It seems to me that, unlike the other seasons, Autumn (or Fall if you prefer) is a bittersweet season – one in which pleasantness is mixed with an overtone of an increasingly bleak future. Spring is invariably a season of new beginnings, a time of renewal, a period of reawakening when we celebrate the end of Winter.
Summer is the season of lazy warm days, outdoor activities, fresh fruits and vegetables, beautiful flowers, and look and smell of new-mown grass – a time when we can look at soft white clouds floating in a beautiful blue sky. Winter is when we don warm coats, put on hats and scarves, and valiantly brave the snow and wind when we venture out.
It’s also the time we celebrate joy-filled holidays, get the fireplace glowing with a nice blaze, and settle down with a good book while looking out the window at the snow-covered landscape. Oh, yes, the other seasons can easily be characterized – but Autumn is a season of dramatic contrasts.
The entry of Autumn dovetails so neatly with Summer that the transition is almost unnoticed. We still have warm days with plentiful sunshine; our flowers are mostly still colorful; the patio grill is available for cookouts; and the lawn continues to require mowing. Nope, to the casual observer there’s not much difference between the end of Summer and the entry of Autumn.
From what I understand, many, if not most, folks consider Autumn their favorite season – particularly during the first month or so. Summer’s high temperatures and high humidity have abated resulting in warm days and cool, comfortable nights. With no need for air conditioning or heating we can enjoy weather lotsa people consider just about perfect. Weekends are full of football games and soccer matches abound. Golfers take advantage of the opportunity to enjoy this nearly-ideal time on the links, and, walkers and bikers are out in droves. Oh, yes – it’s a truly great time for outdoor sports.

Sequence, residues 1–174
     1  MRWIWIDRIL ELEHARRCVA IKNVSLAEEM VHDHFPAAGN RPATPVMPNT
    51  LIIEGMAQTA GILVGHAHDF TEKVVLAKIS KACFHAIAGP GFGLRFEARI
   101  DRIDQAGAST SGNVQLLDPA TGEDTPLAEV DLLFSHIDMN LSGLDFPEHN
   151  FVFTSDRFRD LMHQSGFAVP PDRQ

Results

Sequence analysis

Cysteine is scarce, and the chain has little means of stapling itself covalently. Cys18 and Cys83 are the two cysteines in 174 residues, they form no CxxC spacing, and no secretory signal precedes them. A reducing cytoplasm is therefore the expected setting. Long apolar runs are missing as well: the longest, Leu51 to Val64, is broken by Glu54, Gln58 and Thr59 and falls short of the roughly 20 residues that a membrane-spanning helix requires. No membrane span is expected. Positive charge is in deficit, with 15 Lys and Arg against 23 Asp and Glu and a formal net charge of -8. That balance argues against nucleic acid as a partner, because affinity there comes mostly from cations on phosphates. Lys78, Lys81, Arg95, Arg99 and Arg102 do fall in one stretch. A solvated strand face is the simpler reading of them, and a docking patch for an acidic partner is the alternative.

Early Autumn is a very colorful season with most summer flowers still showing their beauty and Fall flowers such as Mums emerging to grace the landscape. In addition, various non-flowering shrubs and bushes – such the one in the front yard of our across-the-street neighbor – change from dark green to vivid scarlet this time of year thus adding to the splendor of the season. Trees dominate the scene as their leaves turn into a riot of gold and red hues. You know, we still take drives along country lanes to enjoy this magnificent artistry of nature.
There are subtle changes, however, that kinda creep in as the days slowly get shorter. For example, during the Summer when I go for my start-of-the-day swim I drive in daylight but this gradually changes until I find myself driving in the dark. Our vegetable gardens slow production in reaction to shortened daylight hours and cool nights and eventually cease entirely. Some of our summer flowers begin to get “leggy” and, despite our best efforts, slowly wither and die. And so in the midst of this enjoyable time we see signs of what is to come.
As the days continue to shorten and the temperatures to fall, the results become more evident. Wind and rain strip the trees of their gorgeous finery leaving bare limbs starkly showing against the leaden sky as the now-brown leaves cover the ground waiting to be removed. The tomato cages, stakes, and supports for beans, cucumbers, and peppers are removed, cleansed, and carefully stored.
The frost-killed, now-dead vegetable and flower gardens are cleared and the residue discarded. Yep, Autumn surely is a bittersweet season – starting as a pleasant, very enjoyable time and ending with bone-chilling wind, snow flurries, and what appears to be a permanent gray cloud cover.
Kinda sounds like Autumn is a real loser, doesn’t it? Quite to the contrary Autumn provides a natural and rather graceful transition from Summer to Winter – and Winter is a very important part of Nature’s scheme of things, but that subject is for another time. Autumn also provides us with three great holidays: Halloween, when children of all ages have fun dressing up in costumes; Veterans Day, when we honor our military veterans for keeping this country safe from those who would harm us; and, Thanksgiving when we give thanks for the profusion of blessings this country has received. Not a bad trio, right?
You know even though Autumn may be characterized as a bittersweet season that’s okay. We need a bit of spice in our lives and Autumn surely does provide that. At least that’s how it seems to me.
Bill Taylor is a Greene County News columnist and area resident. Contact Bill at at firstname.lastname@example.org.
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